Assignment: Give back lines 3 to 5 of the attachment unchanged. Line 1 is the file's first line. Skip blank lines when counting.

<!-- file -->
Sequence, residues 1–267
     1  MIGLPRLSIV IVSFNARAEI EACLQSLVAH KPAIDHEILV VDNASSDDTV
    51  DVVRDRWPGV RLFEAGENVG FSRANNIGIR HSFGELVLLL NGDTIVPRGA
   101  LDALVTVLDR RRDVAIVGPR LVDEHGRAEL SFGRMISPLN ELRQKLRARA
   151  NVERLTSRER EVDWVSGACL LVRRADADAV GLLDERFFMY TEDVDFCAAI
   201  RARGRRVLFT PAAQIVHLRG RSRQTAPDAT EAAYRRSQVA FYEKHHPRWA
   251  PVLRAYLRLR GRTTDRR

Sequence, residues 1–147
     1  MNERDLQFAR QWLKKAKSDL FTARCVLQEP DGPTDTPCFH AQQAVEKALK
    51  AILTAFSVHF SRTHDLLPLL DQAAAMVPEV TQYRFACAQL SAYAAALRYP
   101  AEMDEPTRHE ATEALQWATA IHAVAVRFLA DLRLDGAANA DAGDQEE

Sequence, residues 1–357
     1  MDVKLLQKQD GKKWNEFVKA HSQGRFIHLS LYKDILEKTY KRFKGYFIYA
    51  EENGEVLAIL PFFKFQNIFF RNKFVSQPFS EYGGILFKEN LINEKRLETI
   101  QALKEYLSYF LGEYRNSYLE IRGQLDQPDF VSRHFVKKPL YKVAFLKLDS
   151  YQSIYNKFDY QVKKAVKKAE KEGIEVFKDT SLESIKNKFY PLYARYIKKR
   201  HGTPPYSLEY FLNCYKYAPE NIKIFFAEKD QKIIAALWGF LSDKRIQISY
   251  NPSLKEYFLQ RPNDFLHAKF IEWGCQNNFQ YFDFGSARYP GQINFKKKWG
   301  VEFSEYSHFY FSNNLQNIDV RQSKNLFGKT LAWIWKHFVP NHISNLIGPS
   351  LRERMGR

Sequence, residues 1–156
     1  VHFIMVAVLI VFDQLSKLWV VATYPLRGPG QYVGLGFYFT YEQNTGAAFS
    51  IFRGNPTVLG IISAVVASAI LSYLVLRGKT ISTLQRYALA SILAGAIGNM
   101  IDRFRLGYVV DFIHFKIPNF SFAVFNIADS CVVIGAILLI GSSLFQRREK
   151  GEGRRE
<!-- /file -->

    51  DVVRDRWPGV RLFEAGENVG FSRANNIGIR HSFGELVLLL NGDTIVPRGA
   101  LDALVTVLDR RRDVAIVGPR LVDEHGRAEL SFGRMISPLN ELRQKLRARA
   151  NVERLTSRER EVDWVSGACL LVRRADADAV GLLDERFFMY TEDVDFCAAI